Ill-structured Problems

We make decisions every day. In order for our brains to help us make decisions, it goes  through a process that helps us determine what needs attention right away and what things can wait. The skill of processing these decisions and determining which ones need attention is called our executive function or self-regulation. Our executive function is made up of our working memory, inhibitory control, and our cognitive or mental flexibility. Teachers and parents help scaffold and model things for children so that they understand how to follow multi-step instructions and how to play/work with others. Children are taught how to share and wait their turn as well as deal with mistakes and failure. Most of these skills and strategies are introduced to children between the ages of 2-5, when they are beginning to socialize more and deal with more complex problems.

Executive functions are skills that are primarily introduced and developed through Kindergarten and first grade. “The subsequent development tasks of refining them and learning to deploy them more efficiently can proceed into the adolescent and early adult years as tasks grow increasingly complicated and challenging”(Shonkoff et al., 2011, p. 4). Through my reading I have found that a lot of research is being dedicated to creating assessments and educational indicators to determine if children at a younger age need further support in “self-control and effective, goal-oriented approaches to learning and social encounters”(Shonkoff et al., 2011, p. 8). Being a Kindergarten and first grade teacher I am glad that a lot of resources are being developed to help teachers and parents support the development of executive functions in children. While I continued my reading of self-regulation and the development of executive functions, I couldn’t help but notice the ill-structured problem that was forming. The majority of research and development of training techniques are being developed for teachers and educational support staff for children in the preschool age range. So I was left wondering what resources are available to continue the support in the development of executive functions for students when they progress through school and enter into adolescence.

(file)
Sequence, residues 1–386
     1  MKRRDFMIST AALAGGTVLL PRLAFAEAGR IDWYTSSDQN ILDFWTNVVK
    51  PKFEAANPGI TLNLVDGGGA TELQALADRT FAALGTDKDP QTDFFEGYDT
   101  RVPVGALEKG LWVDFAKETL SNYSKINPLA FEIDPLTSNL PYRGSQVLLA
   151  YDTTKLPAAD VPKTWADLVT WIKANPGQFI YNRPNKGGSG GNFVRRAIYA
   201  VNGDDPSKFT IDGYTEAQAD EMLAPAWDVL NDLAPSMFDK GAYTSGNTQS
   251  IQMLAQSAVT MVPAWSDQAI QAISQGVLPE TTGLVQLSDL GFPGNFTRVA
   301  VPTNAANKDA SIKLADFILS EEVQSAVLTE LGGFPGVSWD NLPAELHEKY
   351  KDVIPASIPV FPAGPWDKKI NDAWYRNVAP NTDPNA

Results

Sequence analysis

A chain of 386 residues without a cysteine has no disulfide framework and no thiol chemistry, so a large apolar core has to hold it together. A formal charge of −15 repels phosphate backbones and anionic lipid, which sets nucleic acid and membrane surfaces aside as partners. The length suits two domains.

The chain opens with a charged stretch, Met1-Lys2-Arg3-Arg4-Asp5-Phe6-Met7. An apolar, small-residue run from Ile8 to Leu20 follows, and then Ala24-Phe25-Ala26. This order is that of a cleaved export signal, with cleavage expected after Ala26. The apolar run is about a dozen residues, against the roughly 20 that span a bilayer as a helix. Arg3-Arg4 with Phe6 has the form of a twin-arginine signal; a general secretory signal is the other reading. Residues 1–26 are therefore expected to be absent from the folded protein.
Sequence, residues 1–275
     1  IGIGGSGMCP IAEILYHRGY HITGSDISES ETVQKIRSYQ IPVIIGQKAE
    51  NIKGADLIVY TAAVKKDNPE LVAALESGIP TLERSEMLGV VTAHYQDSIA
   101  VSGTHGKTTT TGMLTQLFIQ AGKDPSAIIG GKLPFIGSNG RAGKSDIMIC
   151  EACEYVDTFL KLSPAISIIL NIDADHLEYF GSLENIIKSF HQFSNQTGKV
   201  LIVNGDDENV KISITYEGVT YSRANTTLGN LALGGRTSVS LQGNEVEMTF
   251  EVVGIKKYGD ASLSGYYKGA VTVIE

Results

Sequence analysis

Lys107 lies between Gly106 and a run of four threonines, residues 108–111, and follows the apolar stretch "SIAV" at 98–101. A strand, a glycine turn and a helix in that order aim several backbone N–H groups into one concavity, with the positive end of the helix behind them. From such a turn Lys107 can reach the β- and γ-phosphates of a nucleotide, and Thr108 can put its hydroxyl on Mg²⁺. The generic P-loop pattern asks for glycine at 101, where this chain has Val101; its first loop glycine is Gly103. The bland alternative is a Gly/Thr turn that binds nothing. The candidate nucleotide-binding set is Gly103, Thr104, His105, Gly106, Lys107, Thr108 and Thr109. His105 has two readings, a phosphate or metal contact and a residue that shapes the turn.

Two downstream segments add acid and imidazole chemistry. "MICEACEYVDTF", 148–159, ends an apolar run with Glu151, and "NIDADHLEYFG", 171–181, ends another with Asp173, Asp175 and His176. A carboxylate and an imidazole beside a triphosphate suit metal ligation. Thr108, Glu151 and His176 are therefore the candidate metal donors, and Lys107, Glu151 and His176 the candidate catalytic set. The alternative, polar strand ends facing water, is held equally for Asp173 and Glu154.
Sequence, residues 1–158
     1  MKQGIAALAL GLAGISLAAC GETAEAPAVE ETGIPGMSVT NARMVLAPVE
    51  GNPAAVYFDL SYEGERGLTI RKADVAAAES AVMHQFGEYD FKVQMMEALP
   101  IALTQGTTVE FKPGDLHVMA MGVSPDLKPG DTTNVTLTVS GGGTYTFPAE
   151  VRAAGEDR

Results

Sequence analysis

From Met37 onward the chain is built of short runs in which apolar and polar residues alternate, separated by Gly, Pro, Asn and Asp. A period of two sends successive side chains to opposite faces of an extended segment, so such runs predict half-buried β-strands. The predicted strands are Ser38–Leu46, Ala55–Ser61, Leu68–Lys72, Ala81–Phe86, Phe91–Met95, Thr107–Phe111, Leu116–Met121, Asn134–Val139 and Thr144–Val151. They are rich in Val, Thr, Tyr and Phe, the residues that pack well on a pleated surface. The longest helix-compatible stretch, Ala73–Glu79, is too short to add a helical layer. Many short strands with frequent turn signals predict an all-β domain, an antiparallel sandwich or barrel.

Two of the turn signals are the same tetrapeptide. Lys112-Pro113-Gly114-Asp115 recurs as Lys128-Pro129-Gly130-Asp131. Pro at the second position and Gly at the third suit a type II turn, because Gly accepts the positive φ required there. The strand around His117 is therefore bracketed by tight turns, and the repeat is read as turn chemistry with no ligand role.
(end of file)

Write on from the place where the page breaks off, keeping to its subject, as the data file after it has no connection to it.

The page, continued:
Next year I will be transitioning from teaching Kindergarten to teaching 7th and 8th grade. Now that I am making the move to 7th and 8th grade I want to find resources or technological tools that can help me model executive functions for my students. During adolescence, students are being presented with more complex problems and they are required to take more control of their own learning. “Teenagers need to communicate effectively in multiple contexts, manage their own school and extracurricular assignments, and successfully complete more abstract and complicated projects”(Shonkoff et al., 2014, p. 12). If students have not developed the necessary self-regulation and executive function skills than these requirements may become too demanding for a middle school student.

In order to help students continue their development of executive function skills, I wanted to find an assistive technology that can be incorporated seamlessly into the classroom environment. The middle school students at my school use Haiku Learning Journal where a lot of their work is done digitally on Google Docs and uploaded to Haiku. I found a Google Chrome Web Extension called Kaizena, that allows teachers to upload different forms of feedback to a student’s work in Google Docs. In Kaizena teachers can upload lessons directly to a student’s work that they find themselves re-teaching over and over so that students can watch them at their own pace. Teachers can also upload voice comments to help students who are more auditory learners. Students that have not developed appropriate executive function skills often struggle with multi-tasking or following multi-step instructions. With Kaizena, students can work within Google Docs and see the rubric for their work or skills that the teacher wants them to address all on the same page. Another skill that students need to learn how to develop is goal setting. When a student is still developing their self-regulation and executive function skills, they may not know what they are capable of achieving and how to monitor their progress. Kaizena allows teachers to establish skills that students are working towards and show students where they are in progress towards a specific skill.